Help for elders and disabled
SNAP can be a vital resource if you are elderly or disabled, especially if you are living on a fixed income. Whether you own your home, live in elderly housing or a group home, or have moved in with family, you may qualify for benefits.
Special SNAP regulations
- If you can prove that your monthly out-of-pocket medical expenses are higher than $35 per month, you can receive the benefits of a medical deduction ($90 or higher).
- For most, not all, applicants, your assets (savings, investments) will not be counted. Under no circumstances will the house you are living in or your IRA be counted as an asset.
- You do not have to comply with work requirements.
- You can designate someone you trust to be an Authorized Representative, which would enable them to use your SNAP card to purchase food for you. Download the Authorized Representative form.
- If your household consists only of an elderly or disabled person with a stable income (Social Security, for example) you are “certified” for SNAP for two years. This means you will not need to update your information until 24 months after you apply.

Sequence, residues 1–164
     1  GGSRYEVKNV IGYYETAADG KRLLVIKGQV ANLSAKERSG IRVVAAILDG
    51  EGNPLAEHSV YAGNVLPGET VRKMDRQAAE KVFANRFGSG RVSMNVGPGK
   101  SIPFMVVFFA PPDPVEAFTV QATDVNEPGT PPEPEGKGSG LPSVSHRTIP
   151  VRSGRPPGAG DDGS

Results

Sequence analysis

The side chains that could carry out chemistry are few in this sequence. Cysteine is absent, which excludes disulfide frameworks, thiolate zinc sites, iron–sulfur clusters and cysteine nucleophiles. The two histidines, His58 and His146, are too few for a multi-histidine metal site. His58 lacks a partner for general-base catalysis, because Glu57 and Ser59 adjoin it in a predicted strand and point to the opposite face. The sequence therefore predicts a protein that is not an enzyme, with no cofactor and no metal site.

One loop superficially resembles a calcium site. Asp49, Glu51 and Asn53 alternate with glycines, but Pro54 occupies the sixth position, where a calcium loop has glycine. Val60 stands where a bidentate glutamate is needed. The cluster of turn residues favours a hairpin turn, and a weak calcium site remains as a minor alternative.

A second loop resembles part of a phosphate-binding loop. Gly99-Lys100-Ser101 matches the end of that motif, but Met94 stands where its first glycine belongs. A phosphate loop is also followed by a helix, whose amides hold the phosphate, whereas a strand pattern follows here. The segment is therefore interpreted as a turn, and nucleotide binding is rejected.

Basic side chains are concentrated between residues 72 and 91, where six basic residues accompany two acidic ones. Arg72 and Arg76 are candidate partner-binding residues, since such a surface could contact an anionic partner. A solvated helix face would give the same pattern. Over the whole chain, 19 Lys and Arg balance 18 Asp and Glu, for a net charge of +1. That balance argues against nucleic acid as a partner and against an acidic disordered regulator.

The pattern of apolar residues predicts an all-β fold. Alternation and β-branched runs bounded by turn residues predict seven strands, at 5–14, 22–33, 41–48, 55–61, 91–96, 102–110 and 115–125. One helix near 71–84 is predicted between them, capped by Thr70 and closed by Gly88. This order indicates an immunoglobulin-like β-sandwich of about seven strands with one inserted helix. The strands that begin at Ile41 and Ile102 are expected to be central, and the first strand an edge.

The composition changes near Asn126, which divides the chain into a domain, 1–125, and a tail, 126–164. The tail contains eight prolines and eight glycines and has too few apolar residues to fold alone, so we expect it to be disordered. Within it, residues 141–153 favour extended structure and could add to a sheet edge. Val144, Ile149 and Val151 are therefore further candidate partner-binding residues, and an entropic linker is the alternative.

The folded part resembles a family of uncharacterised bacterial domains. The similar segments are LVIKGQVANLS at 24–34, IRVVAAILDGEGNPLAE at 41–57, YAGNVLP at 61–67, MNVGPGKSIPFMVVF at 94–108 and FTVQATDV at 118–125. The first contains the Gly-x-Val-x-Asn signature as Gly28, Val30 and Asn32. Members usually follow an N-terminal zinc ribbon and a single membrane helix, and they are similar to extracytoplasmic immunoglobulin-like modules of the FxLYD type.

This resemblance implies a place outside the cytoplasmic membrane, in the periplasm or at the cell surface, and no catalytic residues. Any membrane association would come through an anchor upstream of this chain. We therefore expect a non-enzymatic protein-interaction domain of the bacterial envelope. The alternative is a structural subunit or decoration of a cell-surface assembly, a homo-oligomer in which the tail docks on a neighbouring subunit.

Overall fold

- If everyone in your household is elderly and an SSI recipient, you can apply at your regional Social Security office.
- You are considered to be an elderly applicant if you are age 60 and older.
- Most applicants can complete the interview requirement by scheduling a telephone interview.
- You are considered a disabled applicant if you are receiving a government disability benefit, including SSI (Supplemental Security Income), SSDI, MassHealth for the disabled, a public disability retirement (if considered permanent by Social Security), veteran’s disability retirement (after meeting certain conditions), or EAEDC.
- Even if you are not considered disabled according to SNAP rules, the Department of Transitional Assistance (DTA) may still be required to make “reasonable accommodations” for a disability you have. You should always discuss any special needs with your DTA caseworker.
- If you are disabled and live in a group home, there are special regulations that will determine your eligibility to apply.
- If you are receiving only SSI benefits and live alone, you may be eligible for Bay State CAP SNAP Benefits. This is not a separate benefit but in some instances can result in higher benefits. However, if you have medical expenses or a high rent or mortgage, Bay State CAP may result in a lower amount.
For more information and help determining the best way to apply, contact Project Bread’s FoodSource Hotline at 1-800-645-8333.